Germany tries to clobber first Ultimate Fighting event

Germany tries to clobber first Ultimate Fighting event
Photo: DPA
Continental Europe's first taste of "Ultimate Fighting," in which men batter each other with bare fists and feet, has sparked a political row this week as officials sought to ban under-18s from watching.

After losing a battle to ban the event – planned for June 13 – officials from the western German city of Cologne were holding a crisis meeting with promoters in a bid to limit attendance of the event to adults.

The controversial sport – which former US presidential candidate John McCain once described as “human cock-fighting” – is hoping to build on successful events in Britain and Ireland by staging a 12-bout fight-night in Germany.

According to the website of the Ultimate Fighting Championship (UFC), participants in Cologne will include Wanderlei Silva (“the Axe Murderer”), Ben Saunders (“Killa B”) and Marcus Davis (“The Irish Hand Grenade”).

UFC bouts are staged in an octagonal cage, rather than a ring, and the only rules are that fighter may not gouge each other’s eyes, attack the groin area or bite.

During the five five-minute rounds, attacks continue even when fighters are on the floor with repeated bare-knuckle blows to the head until the referee intervenes or one of the participants throws in the towel.

It is considered the largest mixed martial arts franchise in the world with growing popularity thanks to television.

But Armin Laschet, youth minister from the state of North Rhine-Westphalia, where the event is taking place, dismissed it as a “glorification of violence.”

“Youth protection agencies, schools and local authorities are doing everything they can to fight against glorifying violence and here people are making money out of violence,” Laschet said in an interview with daily Frankfurter Allgemeine Zeitung.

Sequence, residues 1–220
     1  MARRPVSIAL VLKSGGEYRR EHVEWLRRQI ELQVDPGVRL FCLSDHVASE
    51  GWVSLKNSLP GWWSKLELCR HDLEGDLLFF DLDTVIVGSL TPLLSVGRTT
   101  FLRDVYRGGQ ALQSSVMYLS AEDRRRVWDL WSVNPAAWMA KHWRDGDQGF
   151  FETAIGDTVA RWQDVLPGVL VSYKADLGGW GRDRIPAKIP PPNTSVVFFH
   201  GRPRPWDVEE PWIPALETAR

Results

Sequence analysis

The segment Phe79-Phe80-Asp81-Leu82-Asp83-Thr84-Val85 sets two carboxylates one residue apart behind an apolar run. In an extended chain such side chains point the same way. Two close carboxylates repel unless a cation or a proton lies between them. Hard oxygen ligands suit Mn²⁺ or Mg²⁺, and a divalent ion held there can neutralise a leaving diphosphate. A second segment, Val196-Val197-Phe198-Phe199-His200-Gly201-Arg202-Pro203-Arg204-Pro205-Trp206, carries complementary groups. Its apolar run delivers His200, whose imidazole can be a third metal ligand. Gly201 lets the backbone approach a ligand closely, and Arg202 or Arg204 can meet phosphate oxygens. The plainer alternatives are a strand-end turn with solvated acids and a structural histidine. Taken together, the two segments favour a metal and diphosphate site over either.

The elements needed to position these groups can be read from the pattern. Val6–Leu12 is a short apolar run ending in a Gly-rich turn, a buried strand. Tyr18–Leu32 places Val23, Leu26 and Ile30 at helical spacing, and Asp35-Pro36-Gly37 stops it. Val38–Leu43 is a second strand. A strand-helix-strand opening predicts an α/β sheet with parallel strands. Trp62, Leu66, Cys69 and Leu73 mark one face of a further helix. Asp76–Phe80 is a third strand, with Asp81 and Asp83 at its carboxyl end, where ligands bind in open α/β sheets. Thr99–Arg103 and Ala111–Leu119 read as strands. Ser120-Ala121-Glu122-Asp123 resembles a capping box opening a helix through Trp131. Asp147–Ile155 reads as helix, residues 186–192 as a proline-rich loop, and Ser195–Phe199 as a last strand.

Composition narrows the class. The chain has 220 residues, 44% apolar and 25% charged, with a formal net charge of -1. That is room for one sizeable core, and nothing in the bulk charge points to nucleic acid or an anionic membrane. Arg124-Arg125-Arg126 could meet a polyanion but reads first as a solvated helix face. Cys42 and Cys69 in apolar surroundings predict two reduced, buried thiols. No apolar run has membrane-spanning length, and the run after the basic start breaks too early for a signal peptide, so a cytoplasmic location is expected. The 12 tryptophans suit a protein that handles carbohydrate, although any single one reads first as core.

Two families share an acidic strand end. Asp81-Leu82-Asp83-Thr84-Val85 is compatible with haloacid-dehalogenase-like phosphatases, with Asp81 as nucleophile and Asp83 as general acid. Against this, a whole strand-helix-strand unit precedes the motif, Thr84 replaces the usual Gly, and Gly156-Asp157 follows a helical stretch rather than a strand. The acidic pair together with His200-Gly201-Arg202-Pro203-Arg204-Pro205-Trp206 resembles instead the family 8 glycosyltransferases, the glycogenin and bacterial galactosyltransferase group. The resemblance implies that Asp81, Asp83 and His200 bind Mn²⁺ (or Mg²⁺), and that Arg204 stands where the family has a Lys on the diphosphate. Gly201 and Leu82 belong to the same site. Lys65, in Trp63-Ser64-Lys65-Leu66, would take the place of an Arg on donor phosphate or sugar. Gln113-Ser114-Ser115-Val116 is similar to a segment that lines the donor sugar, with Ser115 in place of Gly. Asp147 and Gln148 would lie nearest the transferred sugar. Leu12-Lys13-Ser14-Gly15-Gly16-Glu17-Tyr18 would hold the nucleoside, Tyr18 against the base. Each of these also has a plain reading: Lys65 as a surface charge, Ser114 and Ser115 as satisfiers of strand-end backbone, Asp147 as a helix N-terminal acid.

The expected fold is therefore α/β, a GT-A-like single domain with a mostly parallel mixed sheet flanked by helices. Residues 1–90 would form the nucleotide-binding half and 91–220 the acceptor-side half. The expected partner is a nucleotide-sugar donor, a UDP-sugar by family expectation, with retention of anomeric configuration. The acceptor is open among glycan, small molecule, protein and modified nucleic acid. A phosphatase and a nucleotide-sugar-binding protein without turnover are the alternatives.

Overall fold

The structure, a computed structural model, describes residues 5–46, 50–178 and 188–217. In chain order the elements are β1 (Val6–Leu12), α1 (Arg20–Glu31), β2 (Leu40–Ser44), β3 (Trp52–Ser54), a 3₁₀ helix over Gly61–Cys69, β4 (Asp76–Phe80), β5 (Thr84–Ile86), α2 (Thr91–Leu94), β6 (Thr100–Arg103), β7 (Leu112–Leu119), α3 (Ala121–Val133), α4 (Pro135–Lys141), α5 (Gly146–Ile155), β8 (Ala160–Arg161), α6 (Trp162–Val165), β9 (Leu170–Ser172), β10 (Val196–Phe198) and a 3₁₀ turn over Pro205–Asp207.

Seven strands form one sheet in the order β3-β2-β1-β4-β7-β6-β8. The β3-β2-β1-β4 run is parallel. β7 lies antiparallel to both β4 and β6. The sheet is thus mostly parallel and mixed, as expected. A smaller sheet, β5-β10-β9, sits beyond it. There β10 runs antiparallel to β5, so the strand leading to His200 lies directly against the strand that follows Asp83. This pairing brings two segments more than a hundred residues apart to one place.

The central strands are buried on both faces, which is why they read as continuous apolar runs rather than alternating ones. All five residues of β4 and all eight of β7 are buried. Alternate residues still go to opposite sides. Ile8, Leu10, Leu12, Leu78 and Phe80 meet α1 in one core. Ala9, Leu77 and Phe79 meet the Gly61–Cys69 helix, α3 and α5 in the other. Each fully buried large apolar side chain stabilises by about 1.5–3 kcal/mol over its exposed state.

The issue of glorifying violence is especially sensitive in Germany, where politicians are drawing up tighter gun control laws in the wake of a bloodbath in March when 17-year-old Tim Kretschmer shot 15 people and then himself.

There have also been calls to ban violent video games played frequently by Kretschmer.

But UFC supporters say that rather than glorifying violence, the sport is a highly skilful blend of martial arts, including karate, sumo wrestling, taekwondo, judo and jiu-jitsu.

“Supervisors who up until now have not come across UFC will see that our fighters are exemplary and intelligent athletes,” Dana White, the body’s president, said in a statement, adding that in 16 years and over 1,000 bouts, the worst injury has been a broken arm.

Despite the criticism over the event, Cologne officials say they are powerless to prevent its staging in the 20,000-seat stadium.

“I am convinced that the event can not be legally forbidden,” Cologne’s Mayor Manfred Wolf told daily Bild.

The event does not affect the safety or security of the town and therefore no permit is required.

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